When we pulled on our bee suits Sunday afternoon, we didn't have any intention of harvesting honey. We had noticed through the hive observation windows that one hive seemed significantly stronger than the other, so we thought we would transfer one top bar of honey comb and perhaps one top bar of brood comb from the strong hive to the weaker hive. This would help build up the weaker hive and moderate the stronger hive so it would be less tempted to swarm (permanently leave).
First we opened the weaker hive. We used our hive tool to gently release the top bars which are stuck in place with propolis, a fantastic glue that the bees make to secure their homes. Then we carefully removed top bars one at a time and inspected the combs and bees. We found yellow and orange pollen, plenty of honey, a moderate number of bees, and we even found the queen. Although we didn't see any brood (eggs or larvae), we decided to leave this hive alone and not harass them. We assume the brood comb is situated closer to the entrance where we did not remove the top bars. It was reassuring enough to find the queen.
The second hive was full of honey comb, so much that we decided it was time to take some for ourselves. We simply broke the dripping honey comb into a bowl, trying desperately to brush off bees before they got crushed in the process. (Note to self: buy a bee brush and another hive tool.) We took comb from three top bars and then quickly shut the hive because the bees were getting agitated. There is plenty of honey remaining for the bees.
We used an old fashioned enamel colander and potato masher to begin crushing the honey comb. We bottled eight cups of honey in canning jars, then transferred the crushed comb into another strainer to gain two more cups of honey.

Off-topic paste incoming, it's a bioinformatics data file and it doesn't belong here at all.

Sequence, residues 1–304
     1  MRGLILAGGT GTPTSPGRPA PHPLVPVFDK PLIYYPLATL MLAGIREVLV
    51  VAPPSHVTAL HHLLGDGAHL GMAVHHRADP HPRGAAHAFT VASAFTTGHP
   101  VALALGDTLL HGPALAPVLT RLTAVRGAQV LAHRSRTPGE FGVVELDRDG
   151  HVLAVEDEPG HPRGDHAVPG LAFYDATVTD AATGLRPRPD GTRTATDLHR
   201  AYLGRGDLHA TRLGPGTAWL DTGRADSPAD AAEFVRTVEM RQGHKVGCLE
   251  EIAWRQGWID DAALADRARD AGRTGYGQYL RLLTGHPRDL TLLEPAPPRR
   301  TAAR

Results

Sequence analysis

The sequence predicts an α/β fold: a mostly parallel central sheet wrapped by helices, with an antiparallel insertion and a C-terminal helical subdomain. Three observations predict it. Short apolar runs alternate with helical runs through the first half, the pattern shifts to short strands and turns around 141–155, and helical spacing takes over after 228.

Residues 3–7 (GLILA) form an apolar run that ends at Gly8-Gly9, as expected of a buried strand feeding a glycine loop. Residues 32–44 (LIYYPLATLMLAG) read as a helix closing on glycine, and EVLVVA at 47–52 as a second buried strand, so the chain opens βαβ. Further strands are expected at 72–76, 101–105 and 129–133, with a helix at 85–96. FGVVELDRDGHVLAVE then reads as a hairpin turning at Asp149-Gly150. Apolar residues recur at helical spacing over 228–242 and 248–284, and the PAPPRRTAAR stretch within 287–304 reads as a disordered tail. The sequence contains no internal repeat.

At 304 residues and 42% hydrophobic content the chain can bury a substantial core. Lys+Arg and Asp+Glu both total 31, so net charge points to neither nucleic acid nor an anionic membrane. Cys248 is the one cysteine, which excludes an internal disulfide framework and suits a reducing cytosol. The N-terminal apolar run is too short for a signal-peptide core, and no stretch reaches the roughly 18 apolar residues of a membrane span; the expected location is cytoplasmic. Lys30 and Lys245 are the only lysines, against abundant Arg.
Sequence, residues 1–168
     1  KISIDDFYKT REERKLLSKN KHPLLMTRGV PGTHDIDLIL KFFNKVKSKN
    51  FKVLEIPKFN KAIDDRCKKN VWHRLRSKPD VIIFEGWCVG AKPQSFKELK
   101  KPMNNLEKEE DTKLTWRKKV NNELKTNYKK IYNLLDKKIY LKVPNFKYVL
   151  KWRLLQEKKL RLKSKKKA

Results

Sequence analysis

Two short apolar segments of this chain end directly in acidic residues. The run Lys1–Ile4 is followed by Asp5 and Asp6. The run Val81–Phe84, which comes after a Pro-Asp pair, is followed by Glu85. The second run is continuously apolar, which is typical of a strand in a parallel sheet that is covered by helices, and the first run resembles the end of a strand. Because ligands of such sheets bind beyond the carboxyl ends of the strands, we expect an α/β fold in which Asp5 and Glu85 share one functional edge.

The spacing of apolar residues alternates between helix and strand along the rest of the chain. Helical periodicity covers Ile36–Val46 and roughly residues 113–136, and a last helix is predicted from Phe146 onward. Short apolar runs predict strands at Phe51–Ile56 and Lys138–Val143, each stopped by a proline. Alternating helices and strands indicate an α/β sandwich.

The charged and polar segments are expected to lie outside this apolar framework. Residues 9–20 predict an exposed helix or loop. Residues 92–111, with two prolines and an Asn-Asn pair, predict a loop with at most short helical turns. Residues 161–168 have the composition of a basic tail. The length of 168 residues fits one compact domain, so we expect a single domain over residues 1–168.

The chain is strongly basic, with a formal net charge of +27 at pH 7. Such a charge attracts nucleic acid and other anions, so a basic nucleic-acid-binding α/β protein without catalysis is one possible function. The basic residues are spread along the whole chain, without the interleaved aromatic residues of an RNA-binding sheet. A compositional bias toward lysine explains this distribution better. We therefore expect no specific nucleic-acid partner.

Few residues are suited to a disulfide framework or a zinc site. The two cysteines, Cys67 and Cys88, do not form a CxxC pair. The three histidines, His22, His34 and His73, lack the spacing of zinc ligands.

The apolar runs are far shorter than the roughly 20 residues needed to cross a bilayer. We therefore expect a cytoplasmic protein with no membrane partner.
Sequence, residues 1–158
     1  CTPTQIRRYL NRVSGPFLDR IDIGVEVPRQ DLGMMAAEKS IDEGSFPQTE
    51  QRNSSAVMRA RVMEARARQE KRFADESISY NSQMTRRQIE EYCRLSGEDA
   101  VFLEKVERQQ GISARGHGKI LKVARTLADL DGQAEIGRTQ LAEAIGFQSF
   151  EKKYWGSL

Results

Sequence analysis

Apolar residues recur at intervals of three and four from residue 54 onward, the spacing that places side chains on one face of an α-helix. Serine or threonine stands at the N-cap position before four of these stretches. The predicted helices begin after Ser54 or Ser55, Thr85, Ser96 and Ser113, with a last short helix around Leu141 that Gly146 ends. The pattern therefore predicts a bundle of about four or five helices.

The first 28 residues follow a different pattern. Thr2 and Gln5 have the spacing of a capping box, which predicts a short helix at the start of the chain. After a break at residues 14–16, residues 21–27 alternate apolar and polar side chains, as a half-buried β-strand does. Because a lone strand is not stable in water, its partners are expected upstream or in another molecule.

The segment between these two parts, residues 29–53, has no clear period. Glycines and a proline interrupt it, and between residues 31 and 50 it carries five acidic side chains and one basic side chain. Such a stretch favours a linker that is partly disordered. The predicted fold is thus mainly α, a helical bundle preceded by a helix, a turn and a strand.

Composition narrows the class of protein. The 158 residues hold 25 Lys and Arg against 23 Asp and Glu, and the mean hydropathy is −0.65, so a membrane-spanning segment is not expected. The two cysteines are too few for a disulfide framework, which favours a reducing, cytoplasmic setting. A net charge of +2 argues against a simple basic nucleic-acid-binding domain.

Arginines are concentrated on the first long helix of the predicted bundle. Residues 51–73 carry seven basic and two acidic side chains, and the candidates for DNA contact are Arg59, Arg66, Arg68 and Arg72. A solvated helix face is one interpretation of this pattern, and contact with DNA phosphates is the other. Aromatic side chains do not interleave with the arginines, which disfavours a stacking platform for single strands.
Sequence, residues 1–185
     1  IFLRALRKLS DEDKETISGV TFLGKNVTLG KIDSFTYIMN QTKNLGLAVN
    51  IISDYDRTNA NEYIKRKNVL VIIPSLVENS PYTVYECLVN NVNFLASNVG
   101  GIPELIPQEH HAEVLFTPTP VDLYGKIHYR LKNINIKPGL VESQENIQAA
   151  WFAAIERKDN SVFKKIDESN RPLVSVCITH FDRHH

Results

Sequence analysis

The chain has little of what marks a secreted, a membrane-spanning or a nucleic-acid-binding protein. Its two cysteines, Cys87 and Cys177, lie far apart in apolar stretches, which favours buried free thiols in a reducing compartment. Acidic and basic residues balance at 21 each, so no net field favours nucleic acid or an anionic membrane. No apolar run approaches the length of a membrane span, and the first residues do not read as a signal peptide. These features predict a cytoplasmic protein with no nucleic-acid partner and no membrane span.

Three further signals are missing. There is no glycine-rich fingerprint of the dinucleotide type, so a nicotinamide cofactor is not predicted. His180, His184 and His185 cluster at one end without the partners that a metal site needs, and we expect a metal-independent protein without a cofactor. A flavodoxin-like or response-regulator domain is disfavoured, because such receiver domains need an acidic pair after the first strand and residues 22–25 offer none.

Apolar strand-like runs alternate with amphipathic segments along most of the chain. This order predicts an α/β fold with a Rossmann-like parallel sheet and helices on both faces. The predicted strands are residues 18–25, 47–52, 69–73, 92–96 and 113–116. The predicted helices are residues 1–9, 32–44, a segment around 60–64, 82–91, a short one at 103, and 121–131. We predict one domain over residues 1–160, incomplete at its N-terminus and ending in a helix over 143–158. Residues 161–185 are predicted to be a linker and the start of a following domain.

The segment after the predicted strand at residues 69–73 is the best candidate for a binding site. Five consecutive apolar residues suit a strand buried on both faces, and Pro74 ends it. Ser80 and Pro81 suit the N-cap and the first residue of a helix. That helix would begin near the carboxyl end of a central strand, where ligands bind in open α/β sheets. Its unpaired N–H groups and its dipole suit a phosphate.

The next day we noticed that the small bits of suspended comb had risen to the top of the jars where it could easily be spooned off and strained again for that last tablespoon or two of golden deliciousness.
Perhaps someday I'll learn to wash the comb wax and use it for candles, but today I'm very grateful for the work of the bees and the wonderful harvest they share. It's been only eleven months since we started keeping bees and we're thrilled with the results. We still have much to learn, but the bees will teach us.
Red Bucket Farm is an urban farm on a quarter acre property in an average residential neighborhood. We are located in Wisconsin, USDA Zone 5. We focus on chickens, bees, orchard fruit, and raised garden beds for fruits and veggies. We hope to reduce our footprint on the planet by growing some of our food, reducing our use of fossil fuels, and gardening with sustainable practices. Thanks for visiting!
Wednesday, March 28, 2012
Friday, March 23, 2012
When I mentioned to friends that I had started carrots by seed indoors, they laughed out loud. Why would anybody start carrots indoors? How absurd!
In her book The Zero-Mile Diet, organic gardener Carolyn Herriot describes something she calls her "Nifty Carrot Trick." She recommends starting carrots indoors in four-inch pots. When the sprouts reach four inches tall and the weather allows, she moves them outside to garden beds. Later, these carrots can be harvested in bunches rather than single rows.